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An Argument Against Academics in Preschool

In the Preschool Years, Success is Child’s Play


The year was 2009; I was living in the City by the Bay. Having just moved, I was surrounded by baby stuff and unpacked boxes. My first kid was about to turn 3, and my second was still swinging on my ribs and kicking my bladder from the inside. 

Next up on my “to-do” list was finding a preschool for my oldest, so I started asking other local parents of toddlers what preschools they were considering for their little ragamuffins. The general response was that I was late to the party. Years too late. 

Apparently, I had missed the part of my prenatal classes when they told us we should add our progeny to preschool waitlists immediately, preferably while still in-utero. And, not just any waitlists, the RIGHT waitlists, for the RIGHT preschools, that would feed into the RIGHT elementary school, that would cement a spot for our future genius at Harvard. 

They were serious. So, of course, I did what every good parent would do in that situation: I panicked. I spiraled into an abyss of despair, thinking I had already ruined my kid’s entire life! 

As I emerged from that foggy hole of self-doubt and shame, I started to remember three things. 

  1. I happen to be a pediatric occupational therapist, specializing in infant and child development. 
  2. I’m pretty sure that preschool does not have the sole power to make or break a kid’s whole life.
  3. We can’t afford Harvard. 

Backing away from the ledge, I started to look at preschools through my lens as an occupational therapist. What I saw was that academic rigor was all the rage. Toddlers were seen as little sponges, to be sat down and drowned in as much information as humanly possible, as early as possible. 

Parents, with the best of intentions, wanted more learning, more “extras” at younger ages to ensure their children wouldn’t be left behind (hello parenting anxiety). We’re talking language classes, kindergarten readiness skills, math, handwriting, science, cursive, worksheets, even homework. It was all on the table, albeit tiny little sticky tables.

Preschool: A Lay of the Land

Before we go further, it will help to define some vocab.

Daycare is a broad term that covers all child care outside the home from 0 through 5 years of age. Preschool is generally intended for 3 to 5 year olds and provides early childhood education before kindergarten. Pre-k typically denotes the final year of preschool before kindergarten and is tailored to 4 to 5 year olds. In many preschools, the classrooms and expectations of the older preschoolers start to look more and more like elementary school classrooms.

There are a slew of different philosophies that schools use to guide their programs which seems really confusing, but they basically fall into two categories: Play-based & Academic. These lie on a continuum from less structured (child-directed) to more structured (adult-directed).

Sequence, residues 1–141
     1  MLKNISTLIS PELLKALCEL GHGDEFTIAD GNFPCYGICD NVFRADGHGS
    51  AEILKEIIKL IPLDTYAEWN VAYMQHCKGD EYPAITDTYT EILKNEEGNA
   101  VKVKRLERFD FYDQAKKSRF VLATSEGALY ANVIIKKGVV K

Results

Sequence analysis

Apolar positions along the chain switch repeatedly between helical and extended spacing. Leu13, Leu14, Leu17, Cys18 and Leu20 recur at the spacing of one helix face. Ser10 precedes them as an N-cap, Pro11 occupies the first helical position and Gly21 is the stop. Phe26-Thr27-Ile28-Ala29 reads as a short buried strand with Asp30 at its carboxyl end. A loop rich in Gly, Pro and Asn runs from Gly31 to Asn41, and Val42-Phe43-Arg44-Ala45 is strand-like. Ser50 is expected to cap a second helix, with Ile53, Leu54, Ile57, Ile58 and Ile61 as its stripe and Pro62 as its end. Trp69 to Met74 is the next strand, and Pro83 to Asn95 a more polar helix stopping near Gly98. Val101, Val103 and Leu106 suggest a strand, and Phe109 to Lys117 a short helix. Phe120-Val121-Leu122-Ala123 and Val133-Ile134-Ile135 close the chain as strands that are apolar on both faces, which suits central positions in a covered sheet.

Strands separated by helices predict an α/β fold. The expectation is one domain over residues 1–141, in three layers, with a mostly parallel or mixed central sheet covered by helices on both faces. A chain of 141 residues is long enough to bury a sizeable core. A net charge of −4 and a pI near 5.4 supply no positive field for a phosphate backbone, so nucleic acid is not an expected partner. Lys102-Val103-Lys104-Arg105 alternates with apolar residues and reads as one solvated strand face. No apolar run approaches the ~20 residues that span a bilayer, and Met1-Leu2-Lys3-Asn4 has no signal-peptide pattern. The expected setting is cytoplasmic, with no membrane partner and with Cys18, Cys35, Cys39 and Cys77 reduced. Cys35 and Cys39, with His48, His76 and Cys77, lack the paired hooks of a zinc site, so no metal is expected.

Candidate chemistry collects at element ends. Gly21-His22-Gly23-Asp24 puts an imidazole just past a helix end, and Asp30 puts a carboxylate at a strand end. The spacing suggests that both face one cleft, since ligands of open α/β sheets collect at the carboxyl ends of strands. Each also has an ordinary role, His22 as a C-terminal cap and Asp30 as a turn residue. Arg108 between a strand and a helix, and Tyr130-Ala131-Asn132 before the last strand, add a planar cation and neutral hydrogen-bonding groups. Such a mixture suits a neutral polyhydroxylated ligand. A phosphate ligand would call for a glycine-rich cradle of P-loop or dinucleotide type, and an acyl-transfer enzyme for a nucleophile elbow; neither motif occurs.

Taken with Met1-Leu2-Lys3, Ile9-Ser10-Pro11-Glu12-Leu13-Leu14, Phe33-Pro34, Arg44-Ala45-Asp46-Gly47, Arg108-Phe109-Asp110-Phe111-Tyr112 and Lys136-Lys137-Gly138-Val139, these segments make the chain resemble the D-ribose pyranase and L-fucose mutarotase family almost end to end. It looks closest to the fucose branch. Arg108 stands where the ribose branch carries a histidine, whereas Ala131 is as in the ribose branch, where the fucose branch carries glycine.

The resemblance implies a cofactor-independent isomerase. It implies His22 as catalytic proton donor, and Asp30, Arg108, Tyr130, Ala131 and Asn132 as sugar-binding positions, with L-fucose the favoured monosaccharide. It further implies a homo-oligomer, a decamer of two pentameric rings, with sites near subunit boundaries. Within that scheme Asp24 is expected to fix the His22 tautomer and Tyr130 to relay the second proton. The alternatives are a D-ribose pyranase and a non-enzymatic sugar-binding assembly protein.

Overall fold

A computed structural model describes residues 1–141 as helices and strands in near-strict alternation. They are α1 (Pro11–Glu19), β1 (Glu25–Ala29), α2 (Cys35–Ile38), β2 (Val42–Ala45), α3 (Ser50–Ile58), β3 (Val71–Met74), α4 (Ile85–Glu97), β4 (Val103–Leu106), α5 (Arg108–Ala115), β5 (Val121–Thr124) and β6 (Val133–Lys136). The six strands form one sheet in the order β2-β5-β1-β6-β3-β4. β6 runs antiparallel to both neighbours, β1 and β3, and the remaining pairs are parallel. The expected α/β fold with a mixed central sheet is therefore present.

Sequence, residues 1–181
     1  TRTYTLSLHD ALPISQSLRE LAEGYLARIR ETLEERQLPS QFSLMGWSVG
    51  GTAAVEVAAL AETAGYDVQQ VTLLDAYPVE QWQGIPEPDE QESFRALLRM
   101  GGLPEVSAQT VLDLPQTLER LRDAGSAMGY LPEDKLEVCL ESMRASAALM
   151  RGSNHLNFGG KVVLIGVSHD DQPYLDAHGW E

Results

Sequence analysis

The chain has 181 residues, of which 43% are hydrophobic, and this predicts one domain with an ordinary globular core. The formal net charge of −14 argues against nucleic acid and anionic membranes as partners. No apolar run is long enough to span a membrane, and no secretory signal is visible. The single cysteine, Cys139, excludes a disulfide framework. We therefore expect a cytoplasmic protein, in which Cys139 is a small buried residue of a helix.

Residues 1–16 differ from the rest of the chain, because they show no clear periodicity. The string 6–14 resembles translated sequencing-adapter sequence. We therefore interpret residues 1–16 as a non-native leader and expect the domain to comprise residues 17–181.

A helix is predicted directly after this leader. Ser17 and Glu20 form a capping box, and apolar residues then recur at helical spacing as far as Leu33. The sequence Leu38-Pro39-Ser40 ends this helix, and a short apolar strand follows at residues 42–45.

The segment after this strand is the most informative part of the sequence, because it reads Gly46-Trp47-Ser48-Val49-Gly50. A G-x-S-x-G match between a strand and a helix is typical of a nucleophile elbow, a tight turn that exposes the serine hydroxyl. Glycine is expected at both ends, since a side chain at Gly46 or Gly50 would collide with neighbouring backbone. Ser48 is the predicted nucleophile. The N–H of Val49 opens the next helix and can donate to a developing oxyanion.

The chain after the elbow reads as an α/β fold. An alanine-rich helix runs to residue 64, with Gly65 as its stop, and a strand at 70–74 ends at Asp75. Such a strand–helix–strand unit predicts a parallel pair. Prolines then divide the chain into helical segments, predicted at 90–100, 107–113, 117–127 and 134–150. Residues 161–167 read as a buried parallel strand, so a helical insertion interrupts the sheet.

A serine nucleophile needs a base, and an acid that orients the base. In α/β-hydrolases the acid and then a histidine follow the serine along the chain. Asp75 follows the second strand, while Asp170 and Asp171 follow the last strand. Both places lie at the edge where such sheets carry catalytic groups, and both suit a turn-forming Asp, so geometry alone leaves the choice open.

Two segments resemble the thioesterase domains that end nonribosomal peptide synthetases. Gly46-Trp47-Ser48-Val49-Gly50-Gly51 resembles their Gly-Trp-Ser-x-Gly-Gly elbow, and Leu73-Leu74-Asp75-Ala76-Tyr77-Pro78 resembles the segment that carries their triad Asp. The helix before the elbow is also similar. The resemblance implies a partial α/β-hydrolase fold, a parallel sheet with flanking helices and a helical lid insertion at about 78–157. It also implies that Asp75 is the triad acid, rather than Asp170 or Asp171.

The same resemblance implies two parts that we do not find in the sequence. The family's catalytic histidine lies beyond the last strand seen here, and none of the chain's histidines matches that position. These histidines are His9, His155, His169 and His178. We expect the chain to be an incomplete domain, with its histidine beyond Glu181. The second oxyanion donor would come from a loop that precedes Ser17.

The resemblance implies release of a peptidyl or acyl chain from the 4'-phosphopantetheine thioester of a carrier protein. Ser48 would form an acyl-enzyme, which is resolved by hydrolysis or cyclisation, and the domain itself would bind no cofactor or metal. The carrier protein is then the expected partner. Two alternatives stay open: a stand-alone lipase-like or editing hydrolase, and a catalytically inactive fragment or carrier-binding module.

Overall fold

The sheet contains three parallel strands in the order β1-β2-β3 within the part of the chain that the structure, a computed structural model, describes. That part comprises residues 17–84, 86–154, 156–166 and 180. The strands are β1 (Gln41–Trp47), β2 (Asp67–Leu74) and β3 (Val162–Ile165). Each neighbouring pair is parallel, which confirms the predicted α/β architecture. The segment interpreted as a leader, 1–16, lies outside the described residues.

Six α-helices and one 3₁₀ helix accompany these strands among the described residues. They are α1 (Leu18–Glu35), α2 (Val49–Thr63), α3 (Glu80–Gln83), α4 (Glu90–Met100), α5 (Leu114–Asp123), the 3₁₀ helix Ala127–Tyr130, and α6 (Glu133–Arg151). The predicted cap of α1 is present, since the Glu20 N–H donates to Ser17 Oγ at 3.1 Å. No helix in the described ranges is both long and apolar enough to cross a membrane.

The occupational therapist in me did not love the idea of the more structured, academic-style preschools. Young children being asked to sit still and learn for long periods of time just seemed like a bad idea. Most 3-year-olds have a hard time sitting still long enough for a good pee, much less for a 15 minute lecture on anything.

All of my knowledge and learning about human development screamed that children learn best through active free-play. Since the body and brain are interconnected, children need both physical movement and hands-on experiences in order to learn. This means they work harder to overcome obstacles, are more engaged, problem solve more creatively, and learn more innately when an activity is desired and fun! Let’s be honest, adults learn best this way too. And yet, in schools all over the country, we keep expecting our kids to learn by sitting still and listening. 

I knew all of this logically, but despite my years of experience working in child development, the trap of thinking that doing less meant I was not doing enough as a parent had a pull like a siren song. (To be honest, parenting anxiety still plagues me.)

The Tennessee Pre-K Study

In the 1990s – early 2000s, it was generally held that children who attended preschool were better prepared for kindergarten – and would perform better throughout kindergarten – than the kids who didn’t. Additional studies had hypothesized that preschool might also improve long-term outcomes for children.2

Researchers at Vanderbilt University wanted to do a more comprehensive study that looked at both short-term and long-term outcomes of attending preschool. Turns out, there was the makings for a perfectly designed study right there in their own state…

The state of Tennessee has had a voluntary public Pre-K program (TN-VPK) since the late 90’s. Early indicators pointed to its success, as it’d scored very well using established benchmarks of quality at that time. In 2005, the program expanded rapidly and was rolled out across the state, thanks to an influx of funding.

But the program was over-enrolled, meaning there were more children than spaces available in many neighborhoods. This led to assignment by lottery, where children from similar neighborhoods with similar family needs were randomly chosen to attend the TN-VPK, or not. Researchers saw an opportunity to use these preschools for a research study design called a randomized controlled trial (RTC): the gold standard of research!